Saturday, November 24, 2012

Always Learning, 11 years of discussions

The Always Learning" list on yahoo is eleven years old today.

The first post was by Deb Lewis, and was about spirituality and children. There have been nearly 70,000 posts, most of them really solidly about unschooling, and some of them complaining about me wanting the discussion to be so seriously on topic.

There are over 3,000 members (Yahoo says nearly 4,000, but I know some of them have forgotten they joined, so I round down). It makes the world a better place for some people, and maybe that's the only way to make the world better for lots more people.

I'm grateful to those who have been in that discussion for eleven whole years, and to those who found it later and understood and helped us.

This is the image I put there, when yahoogroups allowed for an image. It was a leaf that fell off the fruitless mulberry that's right outside our room, and my office. It grew funny, and I thought it was interesting, so I throw it on the scanner with a piece of paper over it, and that was the page's image.

Later someone said he thought it was there because it looked like a brain. I hadn't see it that way until he mentioned it. I had seen interesting imperfection, and a swirliness. I suppose other people made different associations with it, and some probalby thought "a leaf."

It's the season of Thanksgiving. I'm grateful that yahoo created a tool that Joyce, Pam and I could use to maintain unschooling discussions. I'm glad for Deb Lewis and others whose thoughts are lofty and deep all at once. :-) There is an abundance of generosity there on that discussion.

Wednesday, November 14, 2012

Kendall Sherman Dodd

July 30, 1916 — November 14, 2012.

Keith's dad died this morning.

Last Saturday morning he rode in the Veteran's Day parade in Alamogordo. Keith delivered him to the parade starting point, and said he thinks he was the oldest living veteran in Alamogordo. During WWII, Ken was a Navy reconn pilot in the Pacific. Before and after, he trained pilots in Florida. For many years while Keith was growing up, he was the range controller at White Sands Missile Range.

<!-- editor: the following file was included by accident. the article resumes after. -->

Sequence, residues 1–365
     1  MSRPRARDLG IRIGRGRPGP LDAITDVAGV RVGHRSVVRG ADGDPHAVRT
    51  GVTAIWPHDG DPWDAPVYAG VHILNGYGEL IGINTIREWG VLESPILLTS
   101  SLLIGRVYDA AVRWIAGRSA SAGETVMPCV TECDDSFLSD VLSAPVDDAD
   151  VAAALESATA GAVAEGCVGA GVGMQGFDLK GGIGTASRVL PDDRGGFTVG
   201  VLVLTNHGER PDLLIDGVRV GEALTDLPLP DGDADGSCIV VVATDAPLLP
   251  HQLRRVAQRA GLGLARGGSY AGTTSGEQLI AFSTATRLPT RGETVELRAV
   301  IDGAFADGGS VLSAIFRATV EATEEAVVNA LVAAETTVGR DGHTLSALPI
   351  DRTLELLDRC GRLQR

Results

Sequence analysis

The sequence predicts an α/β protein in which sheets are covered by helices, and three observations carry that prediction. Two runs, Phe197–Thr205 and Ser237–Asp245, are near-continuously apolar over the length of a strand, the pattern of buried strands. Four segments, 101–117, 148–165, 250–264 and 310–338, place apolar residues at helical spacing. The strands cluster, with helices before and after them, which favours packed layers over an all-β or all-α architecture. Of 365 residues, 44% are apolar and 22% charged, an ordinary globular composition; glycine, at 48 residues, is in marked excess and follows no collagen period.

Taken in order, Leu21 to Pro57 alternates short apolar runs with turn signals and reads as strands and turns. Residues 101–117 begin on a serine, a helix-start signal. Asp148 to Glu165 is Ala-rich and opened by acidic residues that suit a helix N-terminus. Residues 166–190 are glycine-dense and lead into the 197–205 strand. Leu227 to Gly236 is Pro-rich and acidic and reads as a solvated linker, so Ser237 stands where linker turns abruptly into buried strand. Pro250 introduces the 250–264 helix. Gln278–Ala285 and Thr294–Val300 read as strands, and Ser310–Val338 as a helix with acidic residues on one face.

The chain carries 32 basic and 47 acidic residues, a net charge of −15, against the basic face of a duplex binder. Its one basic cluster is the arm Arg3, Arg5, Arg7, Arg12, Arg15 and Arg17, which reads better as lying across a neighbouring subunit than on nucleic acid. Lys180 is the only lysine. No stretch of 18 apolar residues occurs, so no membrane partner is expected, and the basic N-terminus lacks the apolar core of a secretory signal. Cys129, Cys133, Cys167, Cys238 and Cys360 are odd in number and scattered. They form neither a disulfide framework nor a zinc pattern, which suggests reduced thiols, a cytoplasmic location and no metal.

Here's a photo Holly took of her grandfather last Spring, and her caption:

Smiling and chatting over a nighttime snack

I'm glad Keith got to be with his dad this last weekend. When Holly spoke with Keith Saturday afternoon, the parade had been a success and they were planning to go up to Barbara's place in La Luz to see a garage Gerry built, and then go to church Sunday, and Keith would come home.

When Keith got home late Sunday, there were stories of a fall up at Gerry and Barb's, with seven hours in the emergency room, and then an EMT visit and transport after he fell in the dining room at the house sometime during the night. He had broken his hip. In preparation for a scheduled Thursday surgery, they took him off his blood thinners, his blood count was low, and they gave him a transfusion. The new thicker blood didn't agree with his heart problem.

Although he died at 4:00 a.m, we didn't know until evening because they called his house in Alamogordo and left a message. Gerry went by there after work and heard the answering machine message to call the hospital. Gerry went to the hospital, talked to people and then called Keith with the information. Marty and Holly and I were all here and Keith told us all what he knew. I called Kirby, who was out to dinner in Austin, with Sarah and Rebecca Tynker.